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Battle Nations

For: iPad   Also on: iPhone

First, second, and third impressions

Product: Battle Nations | Publisher: Z2Live - A King Studio | Format: iPad | Genre: Strategy | Players: 1 | Networking: wireless (network) | Version: Europe
Battle Nations iPad, thumbnail 1
This is a freemium game review, in which we give our impressions immediately after booting a game up, again after three days, and finally after seven days. That's what the strange sub-headings are all about. Click on the links to jump straight to day three or day seven.

Battle Nations is out now in the App Store and promises a blend of turn-based strategy and more traditional, Farmville-esque world-building.

Can you successfully blend a balanced and deep strategy game with an inherently monetisation-focused freemium builder? I couldn't possibly say.

Not for at least a week, anyway.

Because that's how long I'll be playing Battle Nations for, reporting back every few days on my gaming adventure. I hope you'll be able to join me on my journey, which begins right...


First impressions

What's most surprising about Battle Nations is the emphasis on its dramatic players and wartime story. I've found that with most freemium games you can pretty much skip the story, but with Battle Nations you'll want to stick around for the writing.

It's funny stuff, with some pretty memorable characters. You're in the continent of Ateria and war is breaking out after General Ashe has defected to the other side. In charge of helping you squash the rebel threat are a host of well-written individuals, the highlight of which is Lt. Morgan, a drunk tactician who barely seems interested in the conflict in which he's participating.

The late-'90s graffiti cartoon design of the portraits while each character is talking are evocative and detailed, and the isometric map on which you do battle and build structures has the clarity of an Advance Wars, albeit with more detail.

I'm still in the tutorial stages, and the game is very keen to hold me by the hand as I learn the ropes, but from what I've seen the battling has more strategy than the building. This is a run-of-the-mill builder, it's only once you go out into the battlefield that you're asked to think tactically. Do you concentrate all fire on one tough enemy, or take out several weaker ones at once?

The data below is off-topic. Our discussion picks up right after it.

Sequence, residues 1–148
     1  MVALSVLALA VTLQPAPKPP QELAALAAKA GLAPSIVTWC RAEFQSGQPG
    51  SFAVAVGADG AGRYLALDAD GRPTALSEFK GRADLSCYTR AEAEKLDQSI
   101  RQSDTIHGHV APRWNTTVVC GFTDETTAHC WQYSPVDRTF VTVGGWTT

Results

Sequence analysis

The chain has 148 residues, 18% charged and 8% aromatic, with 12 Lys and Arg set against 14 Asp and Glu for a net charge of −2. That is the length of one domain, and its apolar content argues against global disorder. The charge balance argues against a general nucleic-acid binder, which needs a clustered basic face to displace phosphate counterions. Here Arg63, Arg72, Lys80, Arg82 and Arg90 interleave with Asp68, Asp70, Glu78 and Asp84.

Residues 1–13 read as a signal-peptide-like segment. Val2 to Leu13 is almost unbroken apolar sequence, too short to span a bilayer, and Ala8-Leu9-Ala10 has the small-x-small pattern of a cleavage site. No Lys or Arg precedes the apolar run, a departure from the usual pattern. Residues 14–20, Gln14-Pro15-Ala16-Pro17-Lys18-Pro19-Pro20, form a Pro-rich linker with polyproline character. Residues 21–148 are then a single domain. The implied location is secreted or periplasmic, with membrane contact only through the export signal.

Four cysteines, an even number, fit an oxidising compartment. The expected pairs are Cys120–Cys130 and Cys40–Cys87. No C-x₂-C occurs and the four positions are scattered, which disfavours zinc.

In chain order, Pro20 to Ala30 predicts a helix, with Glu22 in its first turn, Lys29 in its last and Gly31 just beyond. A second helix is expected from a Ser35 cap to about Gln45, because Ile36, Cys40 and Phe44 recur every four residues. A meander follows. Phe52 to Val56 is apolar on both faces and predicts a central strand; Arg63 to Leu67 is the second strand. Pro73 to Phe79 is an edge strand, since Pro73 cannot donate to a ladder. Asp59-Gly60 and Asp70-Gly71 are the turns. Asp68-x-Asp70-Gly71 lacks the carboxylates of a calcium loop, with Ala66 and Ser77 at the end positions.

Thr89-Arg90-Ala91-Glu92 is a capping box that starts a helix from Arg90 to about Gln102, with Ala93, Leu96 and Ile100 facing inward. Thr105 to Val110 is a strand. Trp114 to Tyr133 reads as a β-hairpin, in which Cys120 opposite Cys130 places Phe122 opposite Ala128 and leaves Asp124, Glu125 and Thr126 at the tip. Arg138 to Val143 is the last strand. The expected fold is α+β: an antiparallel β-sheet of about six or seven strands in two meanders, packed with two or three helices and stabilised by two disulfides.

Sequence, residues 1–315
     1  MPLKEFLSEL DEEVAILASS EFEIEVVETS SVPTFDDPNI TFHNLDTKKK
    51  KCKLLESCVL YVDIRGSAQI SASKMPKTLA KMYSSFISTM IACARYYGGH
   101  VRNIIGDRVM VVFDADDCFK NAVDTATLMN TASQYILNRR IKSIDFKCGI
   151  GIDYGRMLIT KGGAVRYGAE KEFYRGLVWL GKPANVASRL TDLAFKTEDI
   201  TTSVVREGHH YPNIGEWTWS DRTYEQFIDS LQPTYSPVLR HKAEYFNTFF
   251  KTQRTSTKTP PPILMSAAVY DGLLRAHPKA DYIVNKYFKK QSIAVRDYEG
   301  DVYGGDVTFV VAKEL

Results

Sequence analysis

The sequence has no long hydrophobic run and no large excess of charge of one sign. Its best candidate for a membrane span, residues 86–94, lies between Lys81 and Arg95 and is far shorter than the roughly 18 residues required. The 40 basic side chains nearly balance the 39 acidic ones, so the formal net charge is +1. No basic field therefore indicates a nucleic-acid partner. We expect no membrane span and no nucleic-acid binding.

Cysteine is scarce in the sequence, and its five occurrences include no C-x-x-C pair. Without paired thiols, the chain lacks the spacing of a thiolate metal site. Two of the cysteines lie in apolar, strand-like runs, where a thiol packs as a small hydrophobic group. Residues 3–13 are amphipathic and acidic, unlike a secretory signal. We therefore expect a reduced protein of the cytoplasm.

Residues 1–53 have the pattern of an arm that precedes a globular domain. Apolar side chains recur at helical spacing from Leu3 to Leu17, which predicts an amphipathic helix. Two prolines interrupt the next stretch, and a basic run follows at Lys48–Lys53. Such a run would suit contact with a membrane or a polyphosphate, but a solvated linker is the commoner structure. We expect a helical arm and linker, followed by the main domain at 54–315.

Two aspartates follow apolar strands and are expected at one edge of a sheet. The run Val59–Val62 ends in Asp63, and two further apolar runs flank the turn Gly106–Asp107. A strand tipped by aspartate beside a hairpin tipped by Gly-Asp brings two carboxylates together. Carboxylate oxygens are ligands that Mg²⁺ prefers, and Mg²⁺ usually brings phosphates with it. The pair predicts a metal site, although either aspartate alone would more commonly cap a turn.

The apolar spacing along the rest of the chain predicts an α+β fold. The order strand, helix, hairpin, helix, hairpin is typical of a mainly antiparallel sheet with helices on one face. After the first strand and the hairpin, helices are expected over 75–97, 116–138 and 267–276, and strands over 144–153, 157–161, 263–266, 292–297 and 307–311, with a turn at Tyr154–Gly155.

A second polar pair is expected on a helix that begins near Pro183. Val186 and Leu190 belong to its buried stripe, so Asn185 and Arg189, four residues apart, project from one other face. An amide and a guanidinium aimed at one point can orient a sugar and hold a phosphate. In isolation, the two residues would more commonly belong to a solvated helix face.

I'm only a little way in, but already I'm starting to get hooked. Check back in a few days to see if I'm feeling the same way.

Day 3: Winning the battle

The pace of Battle Nations is deliberately slow. It eases you gradually into the numerous forms of gameplay on offer, and while the resource-building, upgrades, battle tactics, and so on will be nothing new to committed strategy fans, casual gamers will appreciate the gentle introduction.

Upgrading buildings to produce more resources, laying plots of farmland down to grow food, and installing pillbox defences to repel raiders will all be familiar to core gamers, but less so to fans of FarmVille and its various progeny.

IAPs explained
Nanopods are your premium currency of choice in Battle Nations. 69p / 99c will score you 20 of the blighters, and they're used for premium versions of certain troops, and to speed up processes. They're not essential, but they do reduce the friction of your passage through the game slightly.
The comedy continues to elicit genuine yucks, but just as refreshing is the tactical gameplay.

Where many games of this ilk allow you to win through sheer force of numbers, Battle Nations is a lot more concerned with forcing you to strategically place your troops for maximum effectiveness, based on their attacking range and their various strengths and weaknesses.

You'll also level up your troops through experience, so trying new combinations for your army and thinking a move or two ahead to minimise losses and have a well-rounded army is a necessity.

With my numbers going up constantly, my base expanding, and the humour continuing to hit home, I can't wait to see what more Battle Nations has to offer.

Day 7: Perkins's cookies

The quality writing continues unabated, and my level of involvement just keeps increasing. Battle Nations has so much going for it.

The number of elements you keep in balance keeps you hooked. You need to maintain population levels to open more shops, continue to build more troops, upgrade buildings, grow food, build tools, and construct defences. That's before you've even got to the battlefield action.

When I take the fight online against friends or random foes my victories feel hard won and totally deserved, whereas many games of this ilk are governed by luck or real money expenditure.

All of this nuance and detail gives Battle Nations the feeling of a tactical MMO: it's rich in world and varied in gameplay.

Satisfying and strategic, with loads to see, and a brilliantly realised cast of characters, Battle Nations is a crucial download if you're a fan of games like Command & Conquer and Final Fantasy Tactics but you fancy something ever so slightly more casual for your iOS device.

How are you getting on with the game? You can tell us and the rest of the PG community about your experiences by leaving a comment in the box below.
Battle Nations
Reviewer photo
Peter Willington | 6 June 2013
A top mix of building, strategising, and witty writing, Battle Nations is a tactical freemium builder that anyone can enjoy
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